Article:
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2011-2014 Skoda Yeti used car review

2011 Skoda Yeti. Photo: Mark Bean

When Volkswagen bought a 30 per cent share in Czech car-maker Skoda in 1991, the plan was a simple one: Take the Skoda range from eastern-bloc dreariness to a modern take on passenger cars and, in the process, develop an entry-level (or lower-cost) line-up as a stepping-stone to VW ownership. It hasn’t quite worked out that way in some markets – including Australia – however, where the Skoda brand has developed its own cachet and the prices of Skoda and its equivalent Volkswagen models often overlap. Just as well, then, that the Skoda product is up there with VW levels of quality and technology as well as throwing in a bit of that old eastern-bloc wackiness.

Which brings us to 2011’s launch of the Yeti. While the previous Roomster had offered an offbeat solution to moving big loads, it was the Yeti that managed to combine some left-field thinking with the phenomenon that even then was the SUV. Based on the Volkswagen Tiguan, the Yeti maintained similar overall dimensions and footprint, but wrapped them in an unconventional looking body that incorporated five doors into a high-riding car with vaguely parcel-van design cues.

For all that it could have looked like a complete mash-up, it didn’t, and the unconventional looks appealed to those who were happy to go with the SUV flow, but didn’t want to disappear completely. Initially, the Yeti could be had with a 1.2-litre turbo petrol engine and a choice of six-speed manual or seven-speed DSG gearbox. With that motor, however, the Yeti was limited to front-wheel-drive only.

If you wanted all-wheel-drive, you needed to opt for the turbo-diesel version which got the same manual transmission or a six-speed DSG. And if you wanted a petrol-powered Yeti with all-wheel-drive, you needed to wait until early 2012 when a 1.8-litre petrol engine and all-wheel-drive version arrived here. Skoda has constantly fiddled with the specification of its Yeti line-up, sometimes offering different engines and at others restricting all-wheel-drive to turbo-diesel variants.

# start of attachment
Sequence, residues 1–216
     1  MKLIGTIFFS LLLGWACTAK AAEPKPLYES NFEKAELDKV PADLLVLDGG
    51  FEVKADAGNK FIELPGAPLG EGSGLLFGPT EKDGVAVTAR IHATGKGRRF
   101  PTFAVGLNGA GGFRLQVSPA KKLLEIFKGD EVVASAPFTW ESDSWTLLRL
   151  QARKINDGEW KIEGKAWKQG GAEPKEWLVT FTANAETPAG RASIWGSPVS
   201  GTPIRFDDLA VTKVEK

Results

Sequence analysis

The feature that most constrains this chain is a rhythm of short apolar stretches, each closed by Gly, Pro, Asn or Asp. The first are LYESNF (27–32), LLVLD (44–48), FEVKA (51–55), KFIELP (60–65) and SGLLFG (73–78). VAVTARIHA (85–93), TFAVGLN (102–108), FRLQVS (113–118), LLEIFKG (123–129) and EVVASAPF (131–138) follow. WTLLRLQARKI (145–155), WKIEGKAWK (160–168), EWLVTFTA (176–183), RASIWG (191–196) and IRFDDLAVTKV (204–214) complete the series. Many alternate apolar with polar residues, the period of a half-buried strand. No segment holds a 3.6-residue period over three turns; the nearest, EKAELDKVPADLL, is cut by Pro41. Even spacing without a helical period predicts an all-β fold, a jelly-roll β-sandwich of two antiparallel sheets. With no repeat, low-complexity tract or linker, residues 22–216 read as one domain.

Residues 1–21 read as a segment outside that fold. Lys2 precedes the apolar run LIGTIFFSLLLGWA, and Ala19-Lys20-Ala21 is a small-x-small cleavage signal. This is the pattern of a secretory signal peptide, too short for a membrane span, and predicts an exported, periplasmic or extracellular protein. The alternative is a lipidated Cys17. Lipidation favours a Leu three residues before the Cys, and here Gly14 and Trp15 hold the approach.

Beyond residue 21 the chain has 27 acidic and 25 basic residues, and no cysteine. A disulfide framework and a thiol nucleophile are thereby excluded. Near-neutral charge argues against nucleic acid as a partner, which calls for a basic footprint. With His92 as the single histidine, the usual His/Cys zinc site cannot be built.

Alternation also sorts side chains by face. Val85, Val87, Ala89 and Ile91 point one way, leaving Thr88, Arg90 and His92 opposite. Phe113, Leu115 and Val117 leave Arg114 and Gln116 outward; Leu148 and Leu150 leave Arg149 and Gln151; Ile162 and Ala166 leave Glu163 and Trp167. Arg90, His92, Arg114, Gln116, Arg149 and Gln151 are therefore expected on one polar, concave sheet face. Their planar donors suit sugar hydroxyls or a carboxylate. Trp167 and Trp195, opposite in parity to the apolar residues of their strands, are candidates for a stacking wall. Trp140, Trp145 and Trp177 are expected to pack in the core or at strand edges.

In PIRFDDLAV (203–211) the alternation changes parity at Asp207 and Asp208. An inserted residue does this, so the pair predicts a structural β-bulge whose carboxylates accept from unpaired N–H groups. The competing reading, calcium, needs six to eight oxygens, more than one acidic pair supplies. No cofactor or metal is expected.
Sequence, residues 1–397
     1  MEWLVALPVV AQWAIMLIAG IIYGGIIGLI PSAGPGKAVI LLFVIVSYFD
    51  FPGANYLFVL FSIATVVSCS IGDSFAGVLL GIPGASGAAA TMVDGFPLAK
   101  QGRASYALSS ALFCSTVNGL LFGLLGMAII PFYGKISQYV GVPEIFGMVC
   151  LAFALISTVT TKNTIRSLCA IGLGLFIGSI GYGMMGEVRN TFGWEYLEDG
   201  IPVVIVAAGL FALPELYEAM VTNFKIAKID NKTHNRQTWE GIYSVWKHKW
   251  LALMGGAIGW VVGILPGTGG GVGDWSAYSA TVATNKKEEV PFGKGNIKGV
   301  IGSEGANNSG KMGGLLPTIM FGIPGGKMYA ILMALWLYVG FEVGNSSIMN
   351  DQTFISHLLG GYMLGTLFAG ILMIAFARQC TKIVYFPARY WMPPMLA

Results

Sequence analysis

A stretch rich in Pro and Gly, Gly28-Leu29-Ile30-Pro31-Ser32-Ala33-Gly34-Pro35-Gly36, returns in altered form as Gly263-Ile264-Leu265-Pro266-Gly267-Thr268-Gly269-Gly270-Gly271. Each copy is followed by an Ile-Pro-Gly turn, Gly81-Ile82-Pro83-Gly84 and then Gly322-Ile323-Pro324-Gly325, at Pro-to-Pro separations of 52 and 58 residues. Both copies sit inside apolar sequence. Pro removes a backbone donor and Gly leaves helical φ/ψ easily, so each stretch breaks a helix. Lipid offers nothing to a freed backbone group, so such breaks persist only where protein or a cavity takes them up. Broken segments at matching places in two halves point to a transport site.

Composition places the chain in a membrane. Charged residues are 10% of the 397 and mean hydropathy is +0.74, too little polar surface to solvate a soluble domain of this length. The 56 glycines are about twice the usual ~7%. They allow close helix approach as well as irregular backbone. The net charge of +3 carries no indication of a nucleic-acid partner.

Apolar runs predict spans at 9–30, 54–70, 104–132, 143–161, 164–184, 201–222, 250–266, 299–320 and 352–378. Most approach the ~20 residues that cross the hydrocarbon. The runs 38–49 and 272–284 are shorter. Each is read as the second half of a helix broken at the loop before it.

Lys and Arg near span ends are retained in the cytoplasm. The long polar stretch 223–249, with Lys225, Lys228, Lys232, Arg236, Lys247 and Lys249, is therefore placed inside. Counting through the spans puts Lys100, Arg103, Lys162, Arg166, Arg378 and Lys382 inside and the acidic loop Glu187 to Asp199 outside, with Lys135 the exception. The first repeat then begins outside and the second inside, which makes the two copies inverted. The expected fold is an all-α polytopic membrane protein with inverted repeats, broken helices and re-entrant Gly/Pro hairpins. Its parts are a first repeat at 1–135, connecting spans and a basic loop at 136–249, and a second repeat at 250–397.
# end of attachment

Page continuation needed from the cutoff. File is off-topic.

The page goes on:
So it pays to know what you’re looking at when it comes time to actually go shopping, although we’re dealing here with the first generation of cars which sold from 2011 to 2014 and offer the best value now. Fundamentally, however, the Yeti was really no worse off for being front-drive rather than all-wheel-drive mainly because it was never an off-road vehicle in the first place. The exception would be a car that is used for trips to the snowfields, but in every other case, the front-drive version will do nicely.

It’s also cheaper to buy and should be a little less costly to service and maintain. Buying a petrol-engined Yeti also neatly gets you around the controversy over Volkswagen’s infamous ‘Dieselgate’ emissions scandal. That said, Volkswagen Australia has been assuring its customers that the fix for the errant software in all of its Australian-delivered diesel cars, the Yeti included, will not hamper performance or fuel economy.

Mind you, that hasn’t stopped the planned class-action litigation that haunts the whole sorry chapter. But beyond Dieselgate, there have been other recalls that have affected the Yeti, starting with a recall for 2015 model-year cars to replace the side air-bags which could deploy incorrectly in the case of a side-impact or other type of accident. The other thing to check carefully is the condition of the transmission in any car fitted with a DSG gearbox.